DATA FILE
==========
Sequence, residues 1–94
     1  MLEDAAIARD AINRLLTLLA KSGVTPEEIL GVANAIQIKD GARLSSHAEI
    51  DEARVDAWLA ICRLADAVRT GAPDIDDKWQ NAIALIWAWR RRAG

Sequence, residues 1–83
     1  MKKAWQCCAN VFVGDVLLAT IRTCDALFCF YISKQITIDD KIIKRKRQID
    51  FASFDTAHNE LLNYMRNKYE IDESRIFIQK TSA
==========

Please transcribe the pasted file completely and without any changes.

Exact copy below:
Sequence, residues 1–94
     1  MLEDAAIARD AINRLLTLLA KSGVTPEEIL GVANAIQIKD GARLSSHAEI
    51  DEARVDAWLA ICRLADAVRT GAPDIDDKWQ NAIALIWAWR RRAG

Sequence, residues 1–83
     1  MKKAWQCCAN VFVGDVLLAT IRTCDALFCF YISKQITIDD KIIKRKRQID
    51  FASFDTAHNE LLNYMRNKYE IDESRIFIQK TSA